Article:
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Polycystic Ovarian Syndrome


Polycystic Ovarian Syndrome

Ovarian Syndrome (PCOS) is a very common condition affecting at least 14% of all women of reproductive age. It is characterised by

  • Signs of excess hair or acne
  • Appearance of the ovaries would be described as polycystic ovaries - what this means is that the ovaries contain at least 12 small follicles usually around toward the outer surface of the ovary.



  • How do I know I have PCOS?
    2 out of 3 the above criteria are required for diagnosing the syndrome. Clinically one or more of the following symptoms may also be present:


  • Irregular ovulation or no ovulation
  • Infertility; difficulty in becoming pregnant
  • Recurrent miscarriages
  • Unwanted facial and/or body hair (hirsutism)
  • Oily skin, acne
  • Being overweight, rapid weight gain especially around the waist and abdomen (central obesity); or difficulty in losing weight


  • What causes PCOS?
  • In PCOS there an imbalance between the pituitary gonadotropin luteinizing hormone (LH) and follicle-stimulating hormone (FSH), resulting in a lack of ovulation and an increased testosterone production, a male sex hormone.

  • Nobody knows exactly what causes this imbalance but it is felt that it is probably a combination of genetic and environmental factors.

  • Many women with PCOS have a weight problem and there appears to be a relationship between
    PCOS and the body’s ability to make insulin. Insulin is a hormone that regulates the change of sugar,
    starches and other food into energy for the body’s use or for storage. Many women with PCOS have insulin resistance, in which the body cannot use insulin efficiently. Since some women with PCOS make too much insulin, this leads to high circulating blood levels of insulin, called hyperinsulinemia. It is believed that hyperinsulinemia is related to increased androgen levels and it is possible that the ovaries react by making too many male hormones, androgens. This can lead to acne, excessive hair growth, weight gain (obesity), and ovulation problems as well as type 2 diabetes. In turn, obesity can increase insulin levels, causing PCOS to get worse.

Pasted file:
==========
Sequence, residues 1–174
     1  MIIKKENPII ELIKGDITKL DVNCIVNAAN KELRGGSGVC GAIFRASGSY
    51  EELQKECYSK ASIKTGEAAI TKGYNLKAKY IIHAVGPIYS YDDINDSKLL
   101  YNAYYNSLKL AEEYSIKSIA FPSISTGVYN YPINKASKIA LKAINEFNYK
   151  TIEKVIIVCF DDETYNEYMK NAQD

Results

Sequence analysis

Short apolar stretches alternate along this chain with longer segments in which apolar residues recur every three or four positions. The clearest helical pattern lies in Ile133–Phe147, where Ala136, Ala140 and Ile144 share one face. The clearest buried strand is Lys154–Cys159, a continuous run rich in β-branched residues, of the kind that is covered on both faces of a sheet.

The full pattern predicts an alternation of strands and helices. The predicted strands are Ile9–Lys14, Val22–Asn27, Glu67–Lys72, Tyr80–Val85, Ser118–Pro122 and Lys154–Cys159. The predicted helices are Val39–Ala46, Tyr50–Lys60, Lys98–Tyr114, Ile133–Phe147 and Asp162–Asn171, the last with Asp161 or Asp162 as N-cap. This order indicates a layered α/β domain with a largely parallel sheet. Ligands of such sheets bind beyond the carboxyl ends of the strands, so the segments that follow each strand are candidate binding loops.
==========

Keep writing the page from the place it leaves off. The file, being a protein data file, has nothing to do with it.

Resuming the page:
• Investigation of PCOS:
  • Transvaginal Ultrasound (specific reporting on numbers of follicles is essential)
  • FSH/LH ratio (on day 3-5 of menses) or after progesterone challenge, avoid mid-cycle day 18-20 in women with cycles less than 35 days)
  • Male hormone (Androgen) profile
  • Blood sugar testing (Oral glucose tolerance ) if BMI >27
  • Thyroid function tests
  • Lipid profile (cholesterol, LDL and triglycerides) C
  • ONSULTANT

    Treatment of PCOS
    Lifestyle change and change in diet are absolutely paramount. Prophylactic use of Metformin in women with impaired glucose tolerance to prevent progression of diabetes is gaining increasing acceptance. The effectiveness of Metformin, in relation to ovulation induction, has been evaluated and has not been found to be useful on its own.



    For women with irregular cycles who would like to conceive Clomiphene Citrate (CC) is the first choice therapy for women with PCOS (no previous treatments). In CC resistant women, a combination of CC plus Metformin could be tried before considering ovarian drilling or IVF as the final options. For women requesting cycle control, oral contraceptive pill with anti-androgen activity (Yasmin) should be offered.



    SIS
    In Summary

  • In PCOS presenting symptoms are highly variable
  • Not all women are infertile
  • Treatment of PCOS is highly individualised.
  • Lifestyle changes and exercise are mandatory as part of the management of the condition.
  • Metformin may have a role in treatment of PCOS and a six-month trial is worthwhile, especially in overweight PCOS.
  • Clomiphene is the initial treatment of choice in infertility.
  • Clomiphene plus Metformin may be more effective than ovarian drilling or IVF.


  • Conclusion
    PCOS is a very common problem in women of reproductive age that has both short-term effects upon reproductive function and longer term effects upon the risk of diabetes and cardiovascular disease. The treatment of the condition is highly individualised and very much dependant on the presenting symptoms and needs of the woman in terms of fertility, cycle control, weight issues and hyperandrogenic symptoms.   

    CONTACT ME

    Please contact Mr Aquilina's personal assistant

    Lyn Thomsett for any queries

    Email: lynmedisec@aol.com

    Tel: 0208 504 5381